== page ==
Japan is considering allowing the entry of foreigners, with certain conditions, starting in October, the government said on Wednesday, September 23.
Most of the beneficiaries of the new travel regulation will be foreigners who have a medium-length visa of more than three months. This would exclude those with tourist visas.
Several government sources said the proposal is to allow up to 1,000 people a day into the country.
Who is Allowed Into Japan Now?
As of September 23, Japan was still refusing the entry of people from 159 countries.
However, from earlier in September, those with resident cards were already allowed back into Japan.
In August, Japan reached bilateral agreements with 16 countries to allow the controlled resumption of international travel. These were countries where the COVID-19 infection had been kept under control. They included Thailand and Vietnam, both of which placed conditions involving extra COVID-19 prevention measures even on domestic business travel.
Also from August, Japan started to allow government-sponsored international students to enter the country.
What to Look for Going Forward
From October, it is expected that students, including those who are privately financed, will be allowed into the country.
Other categories expected to be prioritized include non-residents who have a visa for more than three months in Japan. These include medical staff, people working in the sports and education sectors, and business people with long-term visas.
It is expected that the first condition of entry will be the requirement of taking a valid PCR test and demonstrating a negative result. The condition of undergoing a mandatory 14-day quarantine upon arrival, which is currently in effect, will continue.
It has yet to be confirmed if travelers from the 16 countries that reached bilateral agreements with Japan will be counted separately from the new quota of 1,000 people per day.
In addition, government officials shared with the Sankei Shimbun the Ministry of Health’s intention of expanding PCR testing capacity, not just at Tokyo Haneda, Narita, and Kansai international airports, but also at Shin-Chitose in Hokkaido, Fukuoka in Kyushu, and Chubu near Nagoya.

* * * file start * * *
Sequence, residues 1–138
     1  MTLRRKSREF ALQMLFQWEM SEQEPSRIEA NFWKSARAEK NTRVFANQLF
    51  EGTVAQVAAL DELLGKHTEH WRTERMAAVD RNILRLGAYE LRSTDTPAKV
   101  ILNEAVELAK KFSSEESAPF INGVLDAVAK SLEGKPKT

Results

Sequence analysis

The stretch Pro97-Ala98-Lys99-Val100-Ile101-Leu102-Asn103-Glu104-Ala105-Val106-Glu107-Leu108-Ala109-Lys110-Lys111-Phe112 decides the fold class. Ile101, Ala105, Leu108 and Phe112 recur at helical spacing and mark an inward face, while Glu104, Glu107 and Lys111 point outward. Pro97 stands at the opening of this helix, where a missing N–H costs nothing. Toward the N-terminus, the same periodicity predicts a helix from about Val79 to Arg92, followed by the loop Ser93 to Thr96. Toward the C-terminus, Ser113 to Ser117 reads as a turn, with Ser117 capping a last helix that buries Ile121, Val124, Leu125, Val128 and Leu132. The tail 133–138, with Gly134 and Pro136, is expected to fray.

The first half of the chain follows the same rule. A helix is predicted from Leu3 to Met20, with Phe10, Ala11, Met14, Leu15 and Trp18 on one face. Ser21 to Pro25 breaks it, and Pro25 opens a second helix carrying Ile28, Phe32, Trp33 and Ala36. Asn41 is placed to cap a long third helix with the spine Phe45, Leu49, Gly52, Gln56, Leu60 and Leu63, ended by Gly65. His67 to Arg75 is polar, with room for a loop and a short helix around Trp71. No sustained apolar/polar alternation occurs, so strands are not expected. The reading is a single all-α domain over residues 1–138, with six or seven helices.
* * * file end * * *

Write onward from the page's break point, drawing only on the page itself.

Discussions on Timeframe Underway
However, when asked in press conferences, top government officials, including the Chief Cabinet Secretary and the Minister of Revitalization, refrained from being specific about the timeline for easing restrictions, stating that the COVID-19 situation needed to be continuously monitored.
In the press conference on September 23, Chief Cabinet Secretary Katsunobu Kato explained, “This is not the time to share concrete timeframes.” However, he also said: “Taking appropriate precautions to avoid the spread of infection, we understand the importance of resuming international travel. And we are carefully considering the situation.”
Minister for Economic Revitalization Yasutoshi Nishimura also commented in a separate press conference: “While preventing the spread of infection, we are reaching the point when international exchange will be partially and gradually expanded. Discussions are underway among the relevant ministries about how to resume the traffic of new people entering the country. The schedule has not yet been decided, but we would like to discuss it thoroughly as soon the relevant government subcommittees are ready.”
The lack of travel in and out of the country is coming as a great shock to the airline industry in Japan. Before the pandemic, Japan registered for the first time more than 30 million tourists in 2019, a trend that was set to increase with the Tokyo Olympics and Paralympics scheduled in summer 2020.
(Click here to read a related article in Japanese).
Author: Arielle Busetto